Put up your hand if you’ve been a follower of news about climate change in recent years and haven’t heard of the “hockey stick” graph.
Nobody? No, didn’t think so.
These graphs get their name because of their shape.
They are reconstructions of the temperatures on Earth over several centuries to several millennia and they all have a repetitive tendency to turn sharply skyward showing the recent rapid warming of the Earth.
The most famous and first “hockey stick” came from research in the journal Nature in 1998 led by Professor Michael Mann, then of the University of Massachusetts Amherst.
Mann used historical data from tree rings and ice cores – known as “proxy records” – to determine what temperatures were like over the Northern Hemisphere over the 600 years or so before we had a reasonably well-dispersed network of thermometers.
When plotted on a chart… well, you know the rest. It looked like a hockey stick.
Mann followed up that work in 1999, refining the research for a study in Geophysical Research Letters to give a full 1000-year history of the planet’s temperatures.
His work appeared in the 2001 United Nations Intergovernmental Panel on Climate Change report. This is what it looked liked in that report (notice the red and blue colors – we’ll come to that in a bit.)
Since then, several other studies using different methodologies and different sets of data have come to broadly the same conclusion to Mann. Recent decades have been exceptionally warm.
Over the same period, climate science “sceptics” and denialists have been gunning for Mann, now the head of the Earth System Science Center at Penn State University.
His opponents constantly raise allegations against Mann, without ever mentioning the half dozen or so investigations into his academic work and conduct that have concluded his work and conduct to be sound.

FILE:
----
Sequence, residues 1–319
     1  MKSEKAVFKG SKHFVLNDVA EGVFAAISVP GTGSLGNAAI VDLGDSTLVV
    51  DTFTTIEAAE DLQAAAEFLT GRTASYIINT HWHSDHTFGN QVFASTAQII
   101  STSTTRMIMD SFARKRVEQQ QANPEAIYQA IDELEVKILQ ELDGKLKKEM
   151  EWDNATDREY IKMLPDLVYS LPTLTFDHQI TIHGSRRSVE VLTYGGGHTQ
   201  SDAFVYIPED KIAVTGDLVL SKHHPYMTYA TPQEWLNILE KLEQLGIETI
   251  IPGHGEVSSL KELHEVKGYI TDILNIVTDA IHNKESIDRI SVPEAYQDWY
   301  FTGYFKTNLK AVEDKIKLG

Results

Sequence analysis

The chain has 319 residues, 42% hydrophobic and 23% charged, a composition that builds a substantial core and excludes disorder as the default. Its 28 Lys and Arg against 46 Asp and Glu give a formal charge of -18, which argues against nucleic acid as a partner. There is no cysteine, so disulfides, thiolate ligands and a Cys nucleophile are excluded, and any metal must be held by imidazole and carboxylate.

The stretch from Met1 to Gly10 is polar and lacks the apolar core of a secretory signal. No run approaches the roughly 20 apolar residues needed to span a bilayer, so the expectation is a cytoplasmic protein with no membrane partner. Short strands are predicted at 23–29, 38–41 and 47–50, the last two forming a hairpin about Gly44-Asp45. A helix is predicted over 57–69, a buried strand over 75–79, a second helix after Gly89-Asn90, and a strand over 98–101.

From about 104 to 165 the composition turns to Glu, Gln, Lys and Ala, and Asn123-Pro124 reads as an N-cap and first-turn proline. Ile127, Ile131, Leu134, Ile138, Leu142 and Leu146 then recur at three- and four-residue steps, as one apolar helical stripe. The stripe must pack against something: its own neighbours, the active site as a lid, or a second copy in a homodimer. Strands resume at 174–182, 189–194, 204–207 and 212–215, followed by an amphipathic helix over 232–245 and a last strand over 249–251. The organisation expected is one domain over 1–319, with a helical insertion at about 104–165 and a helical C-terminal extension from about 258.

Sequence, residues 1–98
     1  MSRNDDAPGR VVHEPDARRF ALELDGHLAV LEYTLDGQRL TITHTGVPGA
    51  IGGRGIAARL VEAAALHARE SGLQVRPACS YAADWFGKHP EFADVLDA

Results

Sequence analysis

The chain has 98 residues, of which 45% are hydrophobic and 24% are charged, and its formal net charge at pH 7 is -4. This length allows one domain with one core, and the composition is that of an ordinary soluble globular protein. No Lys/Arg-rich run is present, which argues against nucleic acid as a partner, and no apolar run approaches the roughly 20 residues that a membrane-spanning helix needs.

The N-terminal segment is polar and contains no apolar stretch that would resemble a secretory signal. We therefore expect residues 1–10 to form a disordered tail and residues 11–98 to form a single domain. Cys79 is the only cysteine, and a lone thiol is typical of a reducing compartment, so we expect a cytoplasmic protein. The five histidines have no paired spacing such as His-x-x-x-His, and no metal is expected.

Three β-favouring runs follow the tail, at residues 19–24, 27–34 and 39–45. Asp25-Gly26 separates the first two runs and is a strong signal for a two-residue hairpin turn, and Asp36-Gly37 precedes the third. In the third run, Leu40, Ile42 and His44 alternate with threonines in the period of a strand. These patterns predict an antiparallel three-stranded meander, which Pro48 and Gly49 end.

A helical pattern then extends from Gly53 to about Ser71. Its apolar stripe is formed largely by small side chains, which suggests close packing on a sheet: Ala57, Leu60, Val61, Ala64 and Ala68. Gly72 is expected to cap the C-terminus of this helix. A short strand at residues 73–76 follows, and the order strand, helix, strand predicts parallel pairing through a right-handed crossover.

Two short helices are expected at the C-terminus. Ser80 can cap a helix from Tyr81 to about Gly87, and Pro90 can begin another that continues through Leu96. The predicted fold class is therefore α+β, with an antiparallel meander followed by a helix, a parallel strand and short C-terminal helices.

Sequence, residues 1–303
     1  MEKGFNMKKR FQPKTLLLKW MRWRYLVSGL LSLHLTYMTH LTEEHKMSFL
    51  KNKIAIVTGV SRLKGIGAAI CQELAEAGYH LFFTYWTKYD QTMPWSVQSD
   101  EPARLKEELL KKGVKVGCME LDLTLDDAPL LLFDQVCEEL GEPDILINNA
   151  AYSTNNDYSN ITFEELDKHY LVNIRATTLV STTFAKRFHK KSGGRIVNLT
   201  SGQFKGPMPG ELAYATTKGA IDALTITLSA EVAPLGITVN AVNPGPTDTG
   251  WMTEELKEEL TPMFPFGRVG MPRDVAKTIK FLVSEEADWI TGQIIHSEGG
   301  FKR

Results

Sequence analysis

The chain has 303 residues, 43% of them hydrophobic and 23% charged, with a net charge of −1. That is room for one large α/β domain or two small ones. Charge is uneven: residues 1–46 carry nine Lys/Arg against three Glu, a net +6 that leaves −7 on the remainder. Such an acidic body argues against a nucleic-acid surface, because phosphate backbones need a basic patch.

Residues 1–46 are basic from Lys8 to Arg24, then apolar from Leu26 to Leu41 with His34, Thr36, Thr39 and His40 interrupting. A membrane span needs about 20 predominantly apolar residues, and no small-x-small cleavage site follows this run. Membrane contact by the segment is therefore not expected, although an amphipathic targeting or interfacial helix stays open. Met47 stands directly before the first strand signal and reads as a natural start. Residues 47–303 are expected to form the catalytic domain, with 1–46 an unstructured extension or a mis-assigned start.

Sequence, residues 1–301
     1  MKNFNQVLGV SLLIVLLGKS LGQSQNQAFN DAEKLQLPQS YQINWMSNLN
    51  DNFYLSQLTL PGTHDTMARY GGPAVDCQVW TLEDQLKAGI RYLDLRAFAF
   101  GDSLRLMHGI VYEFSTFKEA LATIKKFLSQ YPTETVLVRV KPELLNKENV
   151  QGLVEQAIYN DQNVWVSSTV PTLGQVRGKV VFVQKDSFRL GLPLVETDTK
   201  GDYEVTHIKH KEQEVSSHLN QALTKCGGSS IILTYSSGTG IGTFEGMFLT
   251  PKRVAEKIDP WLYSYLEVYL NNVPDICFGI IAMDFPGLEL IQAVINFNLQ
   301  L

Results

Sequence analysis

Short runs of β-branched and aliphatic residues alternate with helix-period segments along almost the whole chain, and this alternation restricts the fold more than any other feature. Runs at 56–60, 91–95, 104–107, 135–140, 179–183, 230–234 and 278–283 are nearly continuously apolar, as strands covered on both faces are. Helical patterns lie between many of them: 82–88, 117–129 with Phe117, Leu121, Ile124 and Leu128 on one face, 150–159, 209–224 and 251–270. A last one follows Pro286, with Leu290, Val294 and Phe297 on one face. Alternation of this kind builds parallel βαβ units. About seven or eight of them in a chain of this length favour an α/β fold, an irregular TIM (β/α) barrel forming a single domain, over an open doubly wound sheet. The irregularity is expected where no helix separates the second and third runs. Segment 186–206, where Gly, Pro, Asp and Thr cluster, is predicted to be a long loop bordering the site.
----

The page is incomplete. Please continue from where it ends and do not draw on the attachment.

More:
In July 2012, the Competitive Enterprise Institute published a particularly egregious article comparing Mann to a child molester who had “molested and tortured data”.
Conservative polemicist Mark Steyn, in a blog post for National Review Online, reproduced some of the comments and described Mann’s hockey stick graph as “fraudulent”. This is the same National Review that once wrote a begging letter to a US Senator in the hope he could pull some strings with the tobacco industry to get them to take out more advertising.
Mann asked for an apology and a retraction but was told in a headline to “Get Lost”. In October 2012, Mann issued a defamation lawsuit.
Climate Science Watch has been following the proceedings, but the latest installment comes this week.
The defendants have lodged a document to the court in the District of Columbia to appeal a previous decision not to throw Mann’s case out under Anti-SLAPP laws in the District of Columbia. These laws are designed to allow people to take advocacy positions on matters of public interest.
The filing repeats a series of well-thumbed allegations and criticisms that have been levelled at Mann and his colleagues over the years, while ignoring the conclusions of the investigations into those same accusations.
For example, the filing uses a quote from Professor David Hand taken from a report in The Daily Telegraph newspaper of a 2010 press conference.
The press conference was to announce the conclusions of a review into the illegal hacking and publishing of emails and other files from the University of East Anglia in November 2009.